“Gabriel Grimsby! I cannot believe this of you. I always considered you a man above such things. Are you willing to take money for keeping silent? Would you not be afraid to use it?”
“Afraid! Of what, pray?”
“Of what might happen. Money obtained in such a way never does any good.”
“Are you speaking from experience, madame? It was not so in your case, I believe.”
Mrs. Hampton made no reply. Her eyes dropped, and, her face flushed. Grimsby knew that the thrust had gone home, and he again smiled.
“You understand, I see,” he continued. “That is the only thing, madame, which will cause me to keep your secret.”
“And if I don’t give you anything?”
“You will have to take the consequences. Are you willing to do that?”
“No, no! This must never be known. How much do you want? Tell me quick, and let us get through with this terrible business.”
“I am quite as anxious as you are, madame. The amount depends upon how much you are prepared to give.”
“You want me to mortgage this place, I suppose. You will not be satisfied with a small amount.”
“Indeed I shall. Surely you must have some money on hand now. That will be sufficient for the present. Then, when you sell your mine, you might remember your benefactor.”
“Benefactor! Robber you should say,” Mrs. Hampton indignantly retorted. “To think that I should be held up by such a person as you. But it cannot be helped, I suppose. Will one hundred dollars satisfy you? It is all I have.”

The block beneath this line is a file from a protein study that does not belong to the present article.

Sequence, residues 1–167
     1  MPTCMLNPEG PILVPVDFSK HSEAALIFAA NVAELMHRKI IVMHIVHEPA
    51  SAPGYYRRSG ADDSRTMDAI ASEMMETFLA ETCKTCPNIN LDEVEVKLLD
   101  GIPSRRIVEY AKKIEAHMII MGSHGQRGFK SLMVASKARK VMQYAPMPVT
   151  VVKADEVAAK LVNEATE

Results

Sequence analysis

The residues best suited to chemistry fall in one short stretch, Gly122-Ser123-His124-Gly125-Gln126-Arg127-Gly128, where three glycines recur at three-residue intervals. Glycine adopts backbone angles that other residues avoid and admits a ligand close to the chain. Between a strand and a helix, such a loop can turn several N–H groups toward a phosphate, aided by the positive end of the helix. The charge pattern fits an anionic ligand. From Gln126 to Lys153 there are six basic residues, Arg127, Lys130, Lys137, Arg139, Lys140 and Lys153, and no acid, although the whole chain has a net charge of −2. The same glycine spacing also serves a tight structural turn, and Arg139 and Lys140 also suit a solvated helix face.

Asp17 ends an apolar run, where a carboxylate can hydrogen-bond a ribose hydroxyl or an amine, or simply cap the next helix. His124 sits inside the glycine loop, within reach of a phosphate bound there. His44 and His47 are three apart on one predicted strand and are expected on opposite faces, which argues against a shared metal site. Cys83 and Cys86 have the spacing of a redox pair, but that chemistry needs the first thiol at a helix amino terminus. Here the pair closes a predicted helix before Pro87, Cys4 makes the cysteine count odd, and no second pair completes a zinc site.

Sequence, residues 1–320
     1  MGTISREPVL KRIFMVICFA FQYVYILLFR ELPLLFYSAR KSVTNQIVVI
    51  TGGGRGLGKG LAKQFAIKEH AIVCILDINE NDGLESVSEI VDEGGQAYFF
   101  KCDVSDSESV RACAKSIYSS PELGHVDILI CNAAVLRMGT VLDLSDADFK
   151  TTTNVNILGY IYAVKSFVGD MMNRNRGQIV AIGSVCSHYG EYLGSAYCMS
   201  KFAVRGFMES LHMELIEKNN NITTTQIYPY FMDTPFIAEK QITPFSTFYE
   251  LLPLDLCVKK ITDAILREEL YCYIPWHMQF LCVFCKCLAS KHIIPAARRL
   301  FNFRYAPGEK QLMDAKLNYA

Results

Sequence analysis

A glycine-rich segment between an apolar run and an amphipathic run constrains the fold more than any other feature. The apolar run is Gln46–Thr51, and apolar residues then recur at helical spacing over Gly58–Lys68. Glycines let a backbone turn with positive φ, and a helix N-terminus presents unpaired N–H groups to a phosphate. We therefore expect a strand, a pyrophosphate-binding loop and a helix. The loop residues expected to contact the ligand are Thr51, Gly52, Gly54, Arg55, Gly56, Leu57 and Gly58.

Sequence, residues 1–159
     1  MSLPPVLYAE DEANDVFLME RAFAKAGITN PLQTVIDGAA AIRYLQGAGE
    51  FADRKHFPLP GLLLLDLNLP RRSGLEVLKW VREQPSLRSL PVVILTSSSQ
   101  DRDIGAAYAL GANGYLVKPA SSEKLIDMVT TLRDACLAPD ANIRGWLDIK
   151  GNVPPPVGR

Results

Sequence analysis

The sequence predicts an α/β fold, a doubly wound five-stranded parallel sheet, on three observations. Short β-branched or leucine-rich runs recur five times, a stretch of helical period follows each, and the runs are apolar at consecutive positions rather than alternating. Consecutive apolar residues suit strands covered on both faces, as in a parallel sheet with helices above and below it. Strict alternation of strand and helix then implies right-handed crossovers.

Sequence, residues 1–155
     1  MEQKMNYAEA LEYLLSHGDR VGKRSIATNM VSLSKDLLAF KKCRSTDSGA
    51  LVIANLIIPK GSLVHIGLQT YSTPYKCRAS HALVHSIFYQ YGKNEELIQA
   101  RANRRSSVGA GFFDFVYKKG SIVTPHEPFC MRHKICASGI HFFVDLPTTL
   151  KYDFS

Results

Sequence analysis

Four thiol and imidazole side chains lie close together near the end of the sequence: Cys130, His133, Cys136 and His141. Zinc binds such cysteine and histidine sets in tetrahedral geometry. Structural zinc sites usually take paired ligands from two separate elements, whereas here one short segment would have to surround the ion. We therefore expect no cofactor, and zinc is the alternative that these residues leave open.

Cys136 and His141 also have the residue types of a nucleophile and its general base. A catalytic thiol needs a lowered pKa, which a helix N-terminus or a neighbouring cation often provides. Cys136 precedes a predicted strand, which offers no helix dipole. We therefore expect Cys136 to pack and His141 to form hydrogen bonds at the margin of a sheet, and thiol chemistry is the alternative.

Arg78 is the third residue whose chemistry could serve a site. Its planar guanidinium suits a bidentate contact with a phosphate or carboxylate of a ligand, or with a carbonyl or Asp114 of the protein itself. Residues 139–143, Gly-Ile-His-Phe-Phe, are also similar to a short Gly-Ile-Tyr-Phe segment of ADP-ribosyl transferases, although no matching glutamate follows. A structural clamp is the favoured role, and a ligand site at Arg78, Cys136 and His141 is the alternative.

Grimsby bowed, and waved his hand in an eloquent manner.
“It will be very acceptable to me just now. One hundred dollars! It seems like a fortune to me. It will do nicely.”
Mrs. Hampton rose to her feet, and remained for a few seconds thoughtfully silent. Then she turned toward Grimsby.
“If I give you this money, Gabriel, how can I trust you to keep this secret?”
“I give you my word of honour, madame. Bring the Bible, and I shall swear by it.”
Mrs. Hampton gave a deep sigh as she turned toward the door of the house. “I am afraid, Gabriel, that your word of honour isn’t worth much, and that the Bible wouldn’t make any difference. However, I suppose I shall have to trust you. Just wait a minute.”
Grimsby was greatly pleased with himself now. His eyes were turned toward the river, fixed upon the white sail which was much nearer. He had accomplished his object easier than he had expected. In a short time Mrs. Hampton returned, and handed him a roll of bills.
“There, you will find the full amount,” she quietly told him. “It is all I have in the house. I hope you are satisfied.”
Grimsby was about to speak, when a raucous toot of an auto down the road caused Mrs. Hampton to turn suddenly. At once her face went very white, and she laid her hand heavily upon the man’s arm.